Olympus Camedia C-360 Zoom
(Also known as the Olympus Camedia D-575 Zoom)
Review Date: July 6th 2004
Ease of Use
The C-360 Zoom is clearly based upon the stylish and very popular Olympus µ[mju:] 410 Digital and 400 Digital models, with the same sliding cover that turns the camera on and off, as well as protecting the lens, and the same emphasis on simplicity and ease-of-use. What it has lost is the shiny metal body of the more expensive models, although the C-360 Zoom is still very well made and doesn't cut any corners. Also Olympus do not claim that the C-360 Zoom is waterproof, as they do with the Olympus µ[mju:] 410 Digital and 400 Digital.
The C-360 Zoom is the kind of camera that you can pick up and work out how to use within an hour or so, thanks to the uncluttered and logical design of both the camera body and its menu system. The camera body is very well thought out. You will notice straight away that there is no traditional D-pad on the rear of the C-360 Zoom. Instead there are four buttons that perform the same functions as a D-pad, allowing you to scroll through images and the menu system, but which also have their own specific functions as well. For example, the top button of the four allows you to select the macro mode, whilst the bottom one turns the self-timer on and off. This ensures that a lot of the controls are available by pressing buttons rather than scrolling through menus, which makes using the camera quicker and more immediate.
This clever placement of so many options on the exterior of the C-360 Zoom means in turn that its menu system is uncomplicated and easy to navigate. As mentioned above, the four buttons that form the D-pad have their own particular purpose, whilst pressing the OK button accesses the rest of the menus. These include setting the image quality, white balance, exposure compensation and a sub-menu called the Mode Menu, which contains settings like the metering mode and formatting the memory card. So the less commonly used options are accessed through the menu system, whilst the more commonly used options are available via the press of a button.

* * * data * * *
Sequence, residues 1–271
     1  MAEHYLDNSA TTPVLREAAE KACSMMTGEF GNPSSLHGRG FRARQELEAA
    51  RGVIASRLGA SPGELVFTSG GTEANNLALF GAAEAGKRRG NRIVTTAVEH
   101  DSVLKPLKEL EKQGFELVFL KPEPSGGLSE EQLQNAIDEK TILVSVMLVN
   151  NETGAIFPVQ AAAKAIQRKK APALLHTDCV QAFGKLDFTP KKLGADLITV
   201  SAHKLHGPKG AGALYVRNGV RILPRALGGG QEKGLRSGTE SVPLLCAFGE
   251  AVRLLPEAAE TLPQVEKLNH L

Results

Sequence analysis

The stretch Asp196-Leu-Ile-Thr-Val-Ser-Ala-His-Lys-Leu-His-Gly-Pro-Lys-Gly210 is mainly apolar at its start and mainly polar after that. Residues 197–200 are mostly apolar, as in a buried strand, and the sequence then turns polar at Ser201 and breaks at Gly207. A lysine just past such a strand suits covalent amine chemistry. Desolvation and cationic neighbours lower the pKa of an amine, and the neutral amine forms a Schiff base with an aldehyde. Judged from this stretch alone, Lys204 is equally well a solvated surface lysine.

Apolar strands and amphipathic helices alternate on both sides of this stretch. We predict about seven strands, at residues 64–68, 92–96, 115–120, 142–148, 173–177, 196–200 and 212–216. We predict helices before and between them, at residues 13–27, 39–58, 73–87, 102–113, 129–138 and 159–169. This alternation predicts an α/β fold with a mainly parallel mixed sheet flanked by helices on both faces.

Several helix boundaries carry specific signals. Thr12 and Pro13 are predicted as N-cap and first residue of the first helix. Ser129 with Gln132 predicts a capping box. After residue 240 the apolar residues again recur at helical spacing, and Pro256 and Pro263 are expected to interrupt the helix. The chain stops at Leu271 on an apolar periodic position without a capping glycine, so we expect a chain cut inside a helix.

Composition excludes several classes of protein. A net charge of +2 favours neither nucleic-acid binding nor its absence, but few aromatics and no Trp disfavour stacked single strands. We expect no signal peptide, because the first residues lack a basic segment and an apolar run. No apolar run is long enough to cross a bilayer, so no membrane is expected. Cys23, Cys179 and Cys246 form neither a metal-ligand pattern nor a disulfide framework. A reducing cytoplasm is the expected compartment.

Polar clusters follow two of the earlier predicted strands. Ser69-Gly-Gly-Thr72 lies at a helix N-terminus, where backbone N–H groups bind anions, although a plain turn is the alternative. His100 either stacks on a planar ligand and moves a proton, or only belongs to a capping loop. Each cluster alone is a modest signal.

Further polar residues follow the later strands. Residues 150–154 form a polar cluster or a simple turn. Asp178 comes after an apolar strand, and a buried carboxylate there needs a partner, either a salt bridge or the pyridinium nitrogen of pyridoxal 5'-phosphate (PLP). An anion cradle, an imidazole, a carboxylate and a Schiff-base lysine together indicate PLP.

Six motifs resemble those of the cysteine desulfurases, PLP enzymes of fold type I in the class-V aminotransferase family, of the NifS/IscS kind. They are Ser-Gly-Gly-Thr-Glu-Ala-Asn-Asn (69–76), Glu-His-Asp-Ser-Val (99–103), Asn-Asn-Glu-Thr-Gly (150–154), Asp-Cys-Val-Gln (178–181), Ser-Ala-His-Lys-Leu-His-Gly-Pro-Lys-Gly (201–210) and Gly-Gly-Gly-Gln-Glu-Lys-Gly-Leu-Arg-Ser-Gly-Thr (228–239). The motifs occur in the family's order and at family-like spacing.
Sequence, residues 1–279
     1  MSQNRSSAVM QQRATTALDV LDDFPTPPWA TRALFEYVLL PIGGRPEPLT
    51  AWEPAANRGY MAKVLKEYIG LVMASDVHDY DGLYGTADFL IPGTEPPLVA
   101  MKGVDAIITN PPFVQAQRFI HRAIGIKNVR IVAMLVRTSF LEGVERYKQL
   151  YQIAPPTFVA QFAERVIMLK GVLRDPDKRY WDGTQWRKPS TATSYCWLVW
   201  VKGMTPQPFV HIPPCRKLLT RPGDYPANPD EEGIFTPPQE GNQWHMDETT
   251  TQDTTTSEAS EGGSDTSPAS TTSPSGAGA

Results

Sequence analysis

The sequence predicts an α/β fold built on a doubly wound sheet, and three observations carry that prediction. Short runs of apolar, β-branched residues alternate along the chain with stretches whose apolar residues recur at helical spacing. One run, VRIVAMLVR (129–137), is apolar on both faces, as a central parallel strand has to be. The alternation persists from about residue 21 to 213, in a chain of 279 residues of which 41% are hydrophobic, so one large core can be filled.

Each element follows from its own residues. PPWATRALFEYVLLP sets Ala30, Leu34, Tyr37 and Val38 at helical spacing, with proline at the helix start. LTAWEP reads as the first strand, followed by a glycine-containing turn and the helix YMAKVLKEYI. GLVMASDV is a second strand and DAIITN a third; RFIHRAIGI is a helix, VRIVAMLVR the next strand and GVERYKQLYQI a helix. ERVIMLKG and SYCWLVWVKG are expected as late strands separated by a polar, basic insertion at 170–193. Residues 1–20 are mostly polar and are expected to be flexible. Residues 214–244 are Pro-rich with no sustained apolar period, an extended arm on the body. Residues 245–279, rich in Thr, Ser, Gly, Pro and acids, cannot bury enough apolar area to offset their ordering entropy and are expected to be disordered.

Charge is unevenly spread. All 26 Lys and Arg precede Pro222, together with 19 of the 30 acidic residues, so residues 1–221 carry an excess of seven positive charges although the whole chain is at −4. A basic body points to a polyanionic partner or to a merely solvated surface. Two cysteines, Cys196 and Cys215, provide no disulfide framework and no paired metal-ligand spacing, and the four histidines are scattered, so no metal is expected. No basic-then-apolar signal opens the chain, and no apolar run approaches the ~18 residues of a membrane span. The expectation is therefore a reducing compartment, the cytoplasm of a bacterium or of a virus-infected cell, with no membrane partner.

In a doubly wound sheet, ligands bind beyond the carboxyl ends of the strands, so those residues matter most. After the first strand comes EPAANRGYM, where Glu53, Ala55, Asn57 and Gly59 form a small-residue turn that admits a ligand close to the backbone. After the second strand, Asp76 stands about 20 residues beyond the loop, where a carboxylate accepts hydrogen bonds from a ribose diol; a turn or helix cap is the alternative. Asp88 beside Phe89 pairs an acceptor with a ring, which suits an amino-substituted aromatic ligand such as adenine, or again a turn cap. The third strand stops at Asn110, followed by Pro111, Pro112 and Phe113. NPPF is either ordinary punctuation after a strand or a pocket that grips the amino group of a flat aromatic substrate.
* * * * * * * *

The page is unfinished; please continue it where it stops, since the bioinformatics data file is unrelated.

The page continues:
Internally Olympus have added a new TruePic Turbo image processor to the C-360 Zoom, which is supposed to deliver more image clarity, contrast and brilliant colour and also increase the camera's processing speed by up to 30%. More about image quality later - the new C-360 Zoom does feel a little faster in general use compared to the older Olympus µ[mju:] 400 Digital, although not enough to make you go "Wow!".
The C-360 Zoom still retains a few of the minor handling quibbles found on its predecessors. The zoom lens is still a little noisy in operation (I wouldn't try any close-range candid street photography with this camera) and the optical viewfinder is still too small to use effectively - I used the LCD screen to compose all the shots that I took. Also Super Macro Mode has to be turned on and off via a menu option; as the default macro mode isn't that great in comparison, I would have liked an extra external control on the camera body to access Super Macro Mode. Other than those minor points, though, the C-360 Zoom is a very well-built, easy to use and pocketable digital camera that carries on the good work of the Olympus µ[mju:] 410 Digital and 400 Digital models in terms of handling.